SuezWe expect all those in our supply chain and contractors to comply with our values. Where possible we prefer to build longstanding relationships with our suppliers and we make clear our expectations of business behaviour. We operate strict procurement processes, ensuring suppliers adhere to clearly defined policies of sustainability and ethical working practices. We expect these entities to have suitable anti‐slavery and human trafficking processes within their businesses and to cascade those policies to their suppliers. Prior to contracting, we carry out risk assessments which are designed to establish and assess areas of potential risk within our supply chains. We require third party contractors to comply with the Modern Slavery Act. Throughout the life cycle of our contracts we reserve the right to conduct audits on our supplier contracts.



Suez in the UK commits to developing and delivering a proactive approach to tackling hidden labour exploitation. We will achieve this by a number of steps: a company statement endorsed by the chief executive and communicated throughout the business; an appropriate policy on preventing hidden labour exploitation which will be reviewed on a regular basis; practical and pragmatic working procedures to support local management in this aim; working closely and engaging with employees and representative bodies as part of preventative strategies.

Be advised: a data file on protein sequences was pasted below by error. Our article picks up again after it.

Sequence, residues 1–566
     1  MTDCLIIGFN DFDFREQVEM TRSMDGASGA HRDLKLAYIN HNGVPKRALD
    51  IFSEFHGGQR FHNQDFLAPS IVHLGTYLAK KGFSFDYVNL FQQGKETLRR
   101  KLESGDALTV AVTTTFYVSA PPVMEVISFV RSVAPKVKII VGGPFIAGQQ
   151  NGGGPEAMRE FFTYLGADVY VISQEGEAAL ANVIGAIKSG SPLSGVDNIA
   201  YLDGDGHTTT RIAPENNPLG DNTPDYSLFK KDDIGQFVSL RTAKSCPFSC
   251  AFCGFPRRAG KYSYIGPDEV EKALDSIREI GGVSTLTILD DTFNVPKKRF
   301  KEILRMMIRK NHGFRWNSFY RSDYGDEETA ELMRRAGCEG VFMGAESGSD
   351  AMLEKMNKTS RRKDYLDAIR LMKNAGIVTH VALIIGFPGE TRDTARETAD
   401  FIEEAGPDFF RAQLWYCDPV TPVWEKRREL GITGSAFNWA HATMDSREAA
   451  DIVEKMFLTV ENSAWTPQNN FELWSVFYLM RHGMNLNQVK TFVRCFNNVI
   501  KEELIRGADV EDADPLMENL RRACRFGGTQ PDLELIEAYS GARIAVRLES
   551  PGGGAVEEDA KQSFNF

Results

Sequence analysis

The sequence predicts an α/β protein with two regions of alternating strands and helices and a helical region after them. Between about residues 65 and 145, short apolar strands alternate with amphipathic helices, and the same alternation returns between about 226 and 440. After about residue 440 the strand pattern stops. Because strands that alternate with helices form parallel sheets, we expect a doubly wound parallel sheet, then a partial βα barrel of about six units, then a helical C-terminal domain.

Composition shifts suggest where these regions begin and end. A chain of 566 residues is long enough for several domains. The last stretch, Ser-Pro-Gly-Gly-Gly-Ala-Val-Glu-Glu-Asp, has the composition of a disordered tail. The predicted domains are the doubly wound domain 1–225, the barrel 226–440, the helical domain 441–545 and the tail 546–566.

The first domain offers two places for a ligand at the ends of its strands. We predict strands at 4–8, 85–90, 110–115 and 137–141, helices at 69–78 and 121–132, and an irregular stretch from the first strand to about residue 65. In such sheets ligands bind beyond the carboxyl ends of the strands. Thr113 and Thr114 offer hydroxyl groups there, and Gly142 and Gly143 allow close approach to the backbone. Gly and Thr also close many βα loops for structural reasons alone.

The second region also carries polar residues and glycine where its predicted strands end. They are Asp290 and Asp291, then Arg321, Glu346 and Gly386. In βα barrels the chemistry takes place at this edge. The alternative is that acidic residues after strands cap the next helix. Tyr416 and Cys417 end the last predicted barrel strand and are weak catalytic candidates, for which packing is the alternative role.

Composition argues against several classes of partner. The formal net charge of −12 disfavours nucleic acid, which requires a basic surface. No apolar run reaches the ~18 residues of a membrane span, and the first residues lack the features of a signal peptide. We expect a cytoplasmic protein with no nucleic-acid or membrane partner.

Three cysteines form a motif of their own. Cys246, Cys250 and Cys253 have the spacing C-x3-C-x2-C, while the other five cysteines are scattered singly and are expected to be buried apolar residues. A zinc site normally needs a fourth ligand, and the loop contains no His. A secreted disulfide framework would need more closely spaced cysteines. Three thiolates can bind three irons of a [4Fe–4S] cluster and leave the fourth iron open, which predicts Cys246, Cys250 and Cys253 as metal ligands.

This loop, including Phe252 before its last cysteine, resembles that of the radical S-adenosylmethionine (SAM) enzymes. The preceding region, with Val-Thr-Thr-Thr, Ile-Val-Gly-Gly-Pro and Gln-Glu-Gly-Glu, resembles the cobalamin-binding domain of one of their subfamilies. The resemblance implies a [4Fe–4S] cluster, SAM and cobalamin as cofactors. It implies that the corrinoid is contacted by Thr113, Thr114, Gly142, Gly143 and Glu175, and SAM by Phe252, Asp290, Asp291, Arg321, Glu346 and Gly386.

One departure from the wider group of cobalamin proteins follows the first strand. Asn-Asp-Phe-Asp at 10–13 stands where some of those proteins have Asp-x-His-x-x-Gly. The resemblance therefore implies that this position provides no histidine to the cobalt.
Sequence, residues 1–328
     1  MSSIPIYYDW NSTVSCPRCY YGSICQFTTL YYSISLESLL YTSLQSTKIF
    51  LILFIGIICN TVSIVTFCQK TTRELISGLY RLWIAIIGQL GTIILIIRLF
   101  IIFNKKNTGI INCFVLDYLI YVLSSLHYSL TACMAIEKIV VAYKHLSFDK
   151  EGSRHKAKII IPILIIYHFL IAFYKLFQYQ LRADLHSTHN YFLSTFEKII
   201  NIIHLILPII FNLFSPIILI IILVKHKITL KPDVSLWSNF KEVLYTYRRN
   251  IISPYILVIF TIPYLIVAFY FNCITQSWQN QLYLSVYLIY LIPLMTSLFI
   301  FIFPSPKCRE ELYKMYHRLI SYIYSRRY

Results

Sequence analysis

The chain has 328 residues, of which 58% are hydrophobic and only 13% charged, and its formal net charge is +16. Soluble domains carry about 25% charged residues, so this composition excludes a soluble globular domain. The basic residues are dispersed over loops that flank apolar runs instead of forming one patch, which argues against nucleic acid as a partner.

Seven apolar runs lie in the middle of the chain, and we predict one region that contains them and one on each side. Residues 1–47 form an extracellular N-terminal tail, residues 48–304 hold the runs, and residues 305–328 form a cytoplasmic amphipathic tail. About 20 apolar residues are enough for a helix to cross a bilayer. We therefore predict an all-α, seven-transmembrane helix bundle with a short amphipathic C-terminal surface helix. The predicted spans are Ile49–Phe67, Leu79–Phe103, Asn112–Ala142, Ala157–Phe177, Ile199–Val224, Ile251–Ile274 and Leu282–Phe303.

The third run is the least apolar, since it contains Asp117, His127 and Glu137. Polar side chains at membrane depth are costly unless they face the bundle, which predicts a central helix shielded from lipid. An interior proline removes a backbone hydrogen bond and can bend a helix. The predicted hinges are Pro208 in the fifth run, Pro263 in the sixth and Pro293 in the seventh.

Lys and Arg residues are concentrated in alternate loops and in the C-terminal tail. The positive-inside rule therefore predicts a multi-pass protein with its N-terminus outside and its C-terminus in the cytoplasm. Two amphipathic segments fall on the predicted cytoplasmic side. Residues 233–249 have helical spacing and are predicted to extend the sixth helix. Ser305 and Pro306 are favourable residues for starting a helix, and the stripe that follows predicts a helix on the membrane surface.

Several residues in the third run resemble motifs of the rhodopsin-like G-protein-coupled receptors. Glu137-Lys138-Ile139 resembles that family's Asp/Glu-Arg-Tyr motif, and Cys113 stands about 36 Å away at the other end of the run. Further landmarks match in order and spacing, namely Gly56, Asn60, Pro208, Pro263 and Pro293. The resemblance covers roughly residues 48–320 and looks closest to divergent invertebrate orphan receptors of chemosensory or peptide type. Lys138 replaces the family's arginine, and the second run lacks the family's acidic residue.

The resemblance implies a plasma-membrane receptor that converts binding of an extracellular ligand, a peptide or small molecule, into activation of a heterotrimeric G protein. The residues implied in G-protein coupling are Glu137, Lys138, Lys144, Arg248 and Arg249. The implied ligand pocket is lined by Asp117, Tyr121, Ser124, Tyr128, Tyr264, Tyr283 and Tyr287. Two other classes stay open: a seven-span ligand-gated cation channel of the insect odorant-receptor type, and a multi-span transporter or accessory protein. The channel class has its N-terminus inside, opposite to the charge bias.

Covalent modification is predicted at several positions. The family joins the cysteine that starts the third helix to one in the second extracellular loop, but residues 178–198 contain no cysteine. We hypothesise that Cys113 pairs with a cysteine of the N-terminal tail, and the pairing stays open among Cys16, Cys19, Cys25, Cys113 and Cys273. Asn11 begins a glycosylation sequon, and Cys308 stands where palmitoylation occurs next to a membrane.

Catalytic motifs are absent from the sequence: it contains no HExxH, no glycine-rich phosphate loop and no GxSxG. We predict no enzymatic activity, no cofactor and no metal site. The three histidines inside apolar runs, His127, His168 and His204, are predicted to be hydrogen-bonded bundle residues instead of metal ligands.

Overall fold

Renewi (formerly Shanks)



The board acknowledges that the company is exposed to relatively low levels of risk with regards to modern slavery within its own business. However, the company is committed to identifying such risk and putting in place appropriate control measures. The board expects all corporate suppliers, and suppliers within their own supply chain, to take the same anti-slavery and human trafficking stance as the company. Due to the nature of the business of Renewi, it becomes increasingly difficult to monitor compliance with modern slavery principles at the bottom of the supply chain.




Biffa is not required to make a statement until June 2017 in line with our year end.